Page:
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Historical Marker Connects White House Builder to St. Mary of the Annunciation Church

By Theresa Stratford | Photos By Doug Deas | May 2022

Historical Marker Connects White House Builder to St. Mary of the Annunciation Church

CHARLESTON—James Hoban, who designed and constructed the White House in the late 1700s, will be honored with a commemorative plaque in Charleston on May 5 at St. Mary of the Annunciation Church on Hasell Street.

The fitting location for this memorial marker in Hoban’s name is due to the significant impact he had on starting St. Mary — which is the first Catholic church in the Carolinas and Georgia — when he was living in Charleston in 1791. He was the founding parish vestryman and an inaugural tither upon the parish’s formal incorporation.

Hoban, an immigrant of Ireland, arrived in the U.S. in 1785. He quickly rose in prominence as a builder and gained the recognition of President George Washington, who selected Hoban to build the President’s House, or the White House, in Washington D.C.

Shea McEnerney, member of the White House Historical Association’s Next-Gen Leaders, studied Hoban for his thesis project in historic preservation from the College of Charleston’s graduate school. McEnerney was a key figure in bringing to light Hoban’s connection to founding the first Catholic church in the Carolinas and Georgia. In fact, according to McEnerney, Hoban also was a founding member of the first Catholic church in Washington, D.C., while he was working on the White House project.

Rev. Msgr. D. Anthony Droze, pastor of St. Mary, said that recognizing Hoban’s contributions to St. Mary recognizes the gifts of immigrants to our country since Hoban hailed from Ireland.

“St. Mary’s is proud to be a part of this,” Mgsr. Droze said. “We appreciate Hoban and all he did for us.”

McEnerney explained that he certainly wasn’t the first to realize Hoban’s influence on the Catholic community in Charleston, but he said Hoban’s connection was “severely unfocused.” He said that little was known about Hoban’s life in the Palmetto State other than his architectural involvement.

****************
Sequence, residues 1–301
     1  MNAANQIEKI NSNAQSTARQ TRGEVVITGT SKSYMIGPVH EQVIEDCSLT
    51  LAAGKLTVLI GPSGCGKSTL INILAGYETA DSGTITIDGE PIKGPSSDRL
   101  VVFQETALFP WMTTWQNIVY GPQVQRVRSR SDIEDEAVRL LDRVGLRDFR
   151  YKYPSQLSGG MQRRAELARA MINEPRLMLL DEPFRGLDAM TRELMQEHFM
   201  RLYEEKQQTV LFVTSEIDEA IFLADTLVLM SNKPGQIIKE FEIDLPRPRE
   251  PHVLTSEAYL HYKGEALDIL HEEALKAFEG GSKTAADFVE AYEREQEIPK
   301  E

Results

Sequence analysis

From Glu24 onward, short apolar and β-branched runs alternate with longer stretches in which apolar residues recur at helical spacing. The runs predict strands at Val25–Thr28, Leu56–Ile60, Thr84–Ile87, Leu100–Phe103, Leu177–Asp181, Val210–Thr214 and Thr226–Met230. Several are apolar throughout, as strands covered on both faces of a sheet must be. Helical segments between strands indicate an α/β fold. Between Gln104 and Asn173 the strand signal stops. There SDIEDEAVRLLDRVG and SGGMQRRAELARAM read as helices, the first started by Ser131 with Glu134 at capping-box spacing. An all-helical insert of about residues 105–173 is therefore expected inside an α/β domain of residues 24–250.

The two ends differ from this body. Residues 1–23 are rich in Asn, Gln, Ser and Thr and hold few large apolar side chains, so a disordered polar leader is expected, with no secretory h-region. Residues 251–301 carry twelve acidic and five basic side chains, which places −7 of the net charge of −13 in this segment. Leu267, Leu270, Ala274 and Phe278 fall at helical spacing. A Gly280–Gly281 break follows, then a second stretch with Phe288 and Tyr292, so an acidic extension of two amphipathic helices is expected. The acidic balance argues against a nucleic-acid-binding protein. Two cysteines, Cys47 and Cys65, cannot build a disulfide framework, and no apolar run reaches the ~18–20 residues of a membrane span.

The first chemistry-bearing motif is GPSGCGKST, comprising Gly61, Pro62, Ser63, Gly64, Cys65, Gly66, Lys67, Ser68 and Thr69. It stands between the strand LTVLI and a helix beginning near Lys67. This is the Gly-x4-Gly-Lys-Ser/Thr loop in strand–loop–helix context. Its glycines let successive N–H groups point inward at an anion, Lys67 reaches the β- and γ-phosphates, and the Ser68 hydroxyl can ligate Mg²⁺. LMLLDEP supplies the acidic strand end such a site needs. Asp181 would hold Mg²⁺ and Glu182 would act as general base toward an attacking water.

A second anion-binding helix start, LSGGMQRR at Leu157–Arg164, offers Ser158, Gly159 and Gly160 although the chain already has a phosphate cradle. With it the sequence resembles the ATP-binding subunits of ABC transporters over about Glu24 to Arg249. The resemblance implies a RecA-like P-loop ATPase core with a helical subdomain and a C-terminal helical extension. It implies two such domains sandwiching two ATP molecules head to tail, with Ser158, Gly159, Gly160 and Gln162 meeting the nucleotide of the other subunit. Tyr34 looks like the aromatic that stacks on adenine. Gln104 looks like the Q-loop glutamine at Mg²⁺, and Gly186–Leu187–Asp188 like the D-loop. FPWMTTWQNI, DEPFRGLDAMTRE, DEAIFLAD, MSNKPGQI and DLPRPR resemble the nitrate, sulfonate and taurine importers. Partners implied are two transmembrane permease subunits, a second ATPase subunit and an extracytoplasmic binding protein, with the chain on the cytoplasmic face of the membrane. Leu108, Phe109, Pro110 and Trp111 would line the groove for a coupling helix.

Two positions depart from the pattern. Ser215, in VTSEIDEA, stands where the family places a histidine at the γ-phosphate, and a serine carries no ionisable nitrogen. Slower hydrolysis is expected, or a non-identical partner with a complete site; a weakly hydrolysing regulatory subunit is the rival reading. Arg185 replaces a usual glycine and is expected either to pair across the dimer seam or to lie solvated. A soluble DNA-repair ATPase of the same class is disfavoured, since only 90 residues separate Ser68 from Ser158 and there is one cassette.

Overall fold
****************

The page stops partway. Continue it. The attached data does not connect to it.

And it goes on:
“He had significant involvement in the Catholic community in Charleston, and his time here was extremely important because he moved from here to go to D.C. to build the White House,” McEnerney said.

The plaque unveiling ceremony will take place at St. Mary of the Annunciation Church at 95 Hasell Street on Thursday, May 5 at 1 p.m. The historical marker, sponsored by the White House Historical Association, will be placed by the Preservation Society of Charleston. It will outline the story of Hoban and his legacy in Charleston — namely being a leading figure in establishment of the first Catholic parish in the Carolinas and Georgia.

The ceremony will include remarks from Betsy Cahill, president of the Preservation Society of Charleston; Msgr. Droze; McEnerney of the White House Historical Association’s Next-Gen Leaders; and Stewart McLaurin, president of the White House Historical Association and author of James Hoban: Designer and Builder of the White House.

McLaurin’s book about Hoban is the second publication in a series on the design and construction of the White House. The first book in the series is entitled, A White House of Stone: The First Ideal in American Architecture. The third book in the series will focus on the enslaved people who built the Executive Mansion.

“James Hoban’s years in Charleston were foundational to his becoming the designer of the White House. This plaque also marks an important moment in the history of Catholicism in South Carolina and the United States, as growing religious tolerance helped launch a Catholic immigrant from Ireland on a path to shape American history,” McLaurin said.

Historical Marker Connects White House Builder to St. Mary of the Annunciation Church 2

Theresa Stratford is a freelance reporter for The Catholic Miscellany. Email her at tmmart89@gmail.com.